If evangelicalism is having an identity crisis, as some religious and cultural observers posit, the issue is whether “evangelical” means a person’s theological beliefs and practice, or is it adherence to a conservative political movement. It has at times meant both, and at points in 2017 we saw the movement struggling with itself over which is “the main thing.”
In this short collection of news stories from last year, we see how evangelicals balanced belief and practice. We witnessed the thumb-wrestling of “Big-E Evangelicalism,” inheritors of the socially conservative political force Moral Majority and keepers of its dwindling flame, and “little-e evangelicalism,” the smaller group who are not merely self-identified evangelicals, but whose core-group of beliefs about Scripture, Jesus, and their relationship to him directly affect their behaviors and drive their moral decision-making.
Donald Trump would not be president without evangelicals, more specifically Big-E Evangelicals, and the presence of some in his administration serves as a reminder of that. There is a group of cabinet leaders and others who meet weekly for Bible study. Spokeswoman (and preacher’s daughter) Sarah Huckabee Sanders is possibly the most visible Evangelical in the White House through her daily televised press briefings. Trump’s appointment of Neil Gorsuch to the U.S. Supreme Court as a hoped-for advocate for religious freedoms was hailed by church leaders. And Southern Baptists were present on several occasions in 2017 when President Trump signed legislation affecting religious liberty.
But the December loss of a U.S. Senate seat by Republican Judge Roy Moore, Alabama’s Ten Commandments champion, to a pro-abortion Democrat has caused some pundits to wonder if the Big-E political/Republican alliance has weakened, and what that might mean for President Trump in the future. Given the special circumstances in that Senate race, moral accusations against Moore, another conclusion is that the biblical beliefs of little-e evangelicals trumped the Big-E political machine in the privacy of the voting booth.
Similarly, a Democrat easily won the governor’s race in Virginia, whose considerable Evangelical population had previously supported a string of GOP governors. Conservative analyst Stephen Mansfield wrote in a new book that the loss can be attributed partly to the disaffection of evangelicals.
“The young, probably in reaction to Trump and to some of the machinations on the Right, went strongly for the Democrat. I think that is an indication of future trends,” Mansfield said in an interview. “It will probably settle down, but I think that the social consciences of the young are raising some important questions.”
But can those assumptions be applied to the President himself, who a year ago got 81% of the white, evangelical vote? “He’s had about a 10-15% drop-off in support from the evangelical community since taking office,” Mansfield summarized. “So while there may be a sort of exaggerated self-reporting around the time when an evangelical casts a vote, there is some indication that there was never really that depth of devotion. I don’t think their support was ever very deep, and it seems to be weakening quickly.”
One conclusion is that little-e evangelicalism—personal, biblical belief and practice—is being separated from its Big-E political counterpart in this generation.
“Many have analyzed the weaknesses of the current iteration of this movement,” writes conservative Presbyterian pastor Tim Keller. “The desire by mid-twentieth-century leaders to foster more widespread cooperation between evangelicals and downplay denominational differences cut believers off from the past, some religion scholars have found…. This has made present-day evangelicals more vulnerable to political movements that appeal to their self-interest, even in contradiction to biblical teachings, for example, about welcoming the immigrant and lifting up the poor. However, evangelicalism is much more resilient than any one form of itself. The newer forms that are emerging are more concerned with theological and historic roots, and are more resistant to modern individualism than older, white Evangelicalism.”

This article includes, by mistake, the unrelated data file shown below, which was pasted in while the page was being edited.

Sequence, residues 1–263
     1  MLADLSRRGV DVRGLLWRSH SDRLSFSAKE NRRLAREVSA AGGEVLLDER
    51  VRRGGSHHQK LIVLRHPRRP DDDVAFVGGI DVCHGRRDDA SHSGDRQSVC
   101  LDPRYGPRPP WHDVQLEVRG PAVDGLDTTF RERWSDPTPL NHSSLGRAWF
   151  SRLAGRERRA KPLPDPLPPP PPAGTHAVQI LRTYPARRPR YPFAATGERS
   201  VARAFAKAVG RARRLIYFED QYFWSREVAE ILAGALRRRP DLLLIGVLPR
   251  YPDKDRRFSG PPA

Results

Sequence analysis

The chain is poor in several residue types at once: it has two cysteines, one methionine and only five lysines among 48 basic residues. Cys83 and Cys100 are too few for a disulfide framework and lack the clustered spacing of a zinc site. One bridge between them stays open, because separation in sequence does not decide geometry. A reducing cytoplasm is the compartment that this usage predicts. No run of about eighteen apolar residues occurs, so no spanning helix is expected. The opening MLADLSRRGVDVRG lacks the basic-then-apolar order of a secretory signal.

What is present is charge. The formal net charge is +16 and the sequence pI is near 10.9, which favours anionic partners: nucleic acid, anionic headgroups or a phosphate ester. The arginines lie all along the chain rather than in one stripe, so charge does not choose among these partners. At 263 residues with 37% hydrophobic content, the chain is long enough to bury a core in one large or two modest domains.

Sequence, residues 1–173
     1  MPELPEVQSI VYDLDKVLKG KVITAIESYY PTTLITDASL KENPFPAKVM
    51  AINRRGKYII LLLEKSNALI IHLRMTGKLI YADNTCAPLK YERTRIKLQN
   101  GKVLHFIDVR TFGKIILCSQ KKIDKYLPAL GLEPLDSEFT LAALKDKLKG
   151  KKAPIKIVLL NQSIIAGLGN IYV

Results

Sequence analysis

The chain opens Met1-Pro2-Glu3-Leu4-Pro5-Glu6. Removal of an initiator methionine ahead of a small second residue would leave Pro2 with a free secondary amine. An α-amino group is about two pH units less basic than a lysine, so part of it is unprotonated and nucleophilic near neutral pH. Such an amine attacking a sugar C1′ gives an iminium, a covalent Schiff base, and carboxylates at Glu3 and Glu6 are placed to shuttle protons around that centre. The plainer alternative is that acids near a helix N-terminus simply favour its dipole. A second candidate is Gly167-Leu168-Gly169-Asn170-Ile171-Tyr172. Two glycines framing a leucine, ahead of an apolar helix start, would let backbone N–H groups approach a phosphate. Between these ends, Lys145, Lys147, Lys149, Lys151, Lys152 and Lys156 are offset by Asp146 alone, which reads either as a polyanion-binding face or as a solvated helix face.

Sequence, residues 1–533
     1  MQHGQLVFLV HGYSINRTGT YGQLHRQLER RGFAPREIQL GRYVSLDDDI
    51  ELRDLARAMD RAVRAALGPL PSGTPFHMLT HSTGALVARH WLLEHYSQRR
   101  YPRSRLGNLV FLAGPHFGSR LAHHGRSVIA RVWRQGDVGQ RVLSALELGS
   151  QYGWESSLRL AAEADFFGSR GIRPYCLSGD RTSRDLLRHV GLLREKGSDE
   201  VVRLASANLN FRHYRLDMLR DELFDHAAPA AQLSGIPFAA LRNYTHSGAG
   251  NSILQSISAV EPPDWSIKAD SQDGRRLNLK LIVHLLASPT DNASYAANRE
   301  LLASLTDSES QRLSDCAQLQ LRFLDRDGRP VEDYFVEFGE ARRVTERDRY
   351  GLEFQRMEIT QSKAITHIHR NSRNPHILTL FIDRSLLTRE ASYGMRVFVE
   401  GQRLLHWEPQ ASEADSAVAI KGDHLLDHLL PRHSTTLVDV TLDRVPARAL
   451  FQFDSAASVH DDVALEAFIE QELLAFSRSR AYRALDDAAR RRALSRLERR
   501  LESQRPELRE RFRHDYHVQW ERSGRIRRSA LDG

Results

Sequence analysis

Issues in Illinois
Governor’s race: Evangelicals disappointed by Gov. Rauner’s support for HB 40, which allows state-funding of abortions involving state employees and aid recipients, will be looking for a gubernatorial candidate to support in 2018. Pro-life advocate Jeanne Ives of Wheaton said she would run against Rauner in part because of his signature allowing the abortion legislation. Ives handily won a January straw poll against Rauner among Chicago-area Republican leaders, but she faces an uphill climb against the well-funded incumbent. Seven Democrats are on the March 20 ballot with J.B. Pritzker the apparent leader.
The general election is in November.
Social issues: After successfully moving legalization of same-sex marriage through the Illinois General Assembly, State Senator Heather Steans and some other representatives are preparing to introduce legislation to legalize marijuana use in Illinois. Steans is using economic growth as an argument for legalization, citing a prediction that 250,000 jobs will be created in the “cannabis industry” by 2020. “As many of you may have heard, U.S. Attorney General Jeff Sessions announced last week that he was rescinding an Obama-era policy that discouraged U.S. attorneys from prosecuting operations in states that legalized marijuana,” Steans wrote to supporters. “This change will not diminish our efforts to legalize adult-use cannabis in Illinois.”
A public hearing is scheduled for late January.
Keller wrote in The New Yorker after the Alabama Senate election. Mansfield’s book, “Choosing Donald Trump: Anger, Hope, and why Christian Conservatives Supported Him,” is published by Baker Books.